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BUSINESS LESSONS FROM MY CHILDREN – MONOTONY, LOVE, THOUGHT & ACTION.

October 6th, 2016

I was recently asked to do a radio interview by a good friend of mine – Kojo Baffoe. He’s recently become a radio show host on Kaya Fm and he’s in a fortunate position to have a media platform that allows him the space and latitude to explore Life with Kojo Baffoe. The subject of the interview was different from many interviews that I have done before, but at the same time, it was very close to my heart. Although the interview explored many aspects of fatherhood, the overarching question was – “What have my children taught me and how does that apply to business?”.

The answer is relatively simple.

Discipline.

 


 

Discipline in monotony – My natural character is a spontaneous one that shudders at the thought of pattern or repetition. For most of my adult life, as soon as I felt that things were beginning to get predictable, I would do my best to switch it up or do things differently. Recently a cousin of mine told me that as a father, it is part of a journey to learn how to “manage monotony”. In so doing, you create the right environment for your children. Kids by their very nature require predictability to ensure some level of stability.

 

Discipline in love – To be honest, I used to be a person that carries grudges. It takes the might of a mountain to wrong me, but If wronged by someone, it took a lot to make it right. My children have taught me how to seal indiscretion with love. Not that there is no reprimand or consequence, but that it needs to coming from a loving place – all the time. It has helped me to diffuse grudges and although I have not mastered it – love is a disciplined daily expression of your hearts condition.

 

Discipline in thought – Overall, what I spend my time thinking about has not changed much, but my thoughts are more directed and focused. It’s like my children sharpened my resolved and tuned my ambition. All of a sudden your responsibility is broader than your own selfish goals. All of a sudden you have dependent’s, it is scary, but it is an honor to serve them. Servant leaders require clear, impactful thought in the way they approach their context.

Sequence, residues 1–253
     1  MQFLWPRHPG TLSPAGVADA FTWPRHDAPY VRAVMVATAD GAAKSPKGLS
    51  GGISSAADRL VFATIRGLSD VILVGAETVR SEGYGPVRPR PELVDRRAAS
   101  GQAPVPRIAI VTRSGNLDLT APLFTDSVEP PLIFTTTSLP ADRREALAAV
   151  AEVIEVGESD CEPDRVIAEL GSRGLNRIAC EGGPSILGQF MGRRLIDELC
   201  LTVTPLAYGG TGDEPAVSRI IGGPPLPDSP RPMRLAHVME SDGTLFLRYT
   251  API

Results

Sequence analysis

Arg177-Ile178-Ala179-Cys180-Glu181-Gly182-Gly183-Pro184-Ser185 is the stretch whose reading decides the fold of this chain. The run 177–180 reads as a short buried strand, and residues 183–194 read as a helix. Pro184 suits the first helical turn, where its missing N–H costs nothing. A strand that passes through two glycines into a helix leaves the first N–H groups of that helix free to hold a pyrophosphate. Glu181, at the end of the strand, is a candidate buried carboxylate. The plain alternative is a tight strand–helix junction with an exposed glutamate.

Discipline in action – I have to be able to provide for and to lead both my children. It’s important to fully comprehend and embrace the fact that whether I like it or not, I will be an important reference for them growing up and therefore my actions should uphold that.

 


 

So, how is it that I have learnt all this from my children?

 

[Monotony]

I have watched my son do the same thing over and over again – with the same effort, the same determination and even though it is exactly the same thing over and over again, somehow he derives joy from it every time.

 

[Love]

It was a liberating realization that they love me not because of what I do or don’t do, but simply because of who I am to them.

 

[Thought]

Randomly my son tells me he loves me or that my wife is beautiful or that his sister is gorgeous. His thoughts are pure and directed. They are honest and unbridled.

 

[Action]

My son is in a phase of his life where he is learning so much – riding bikes, frying eggs, brushing teeth. And I see him sometimes refusing help as he has resolved that he is big enough to get it done. He tries every day and has now adopted the mantra – practice makes perfect.

 

Content, inspired & energized.

 

Musa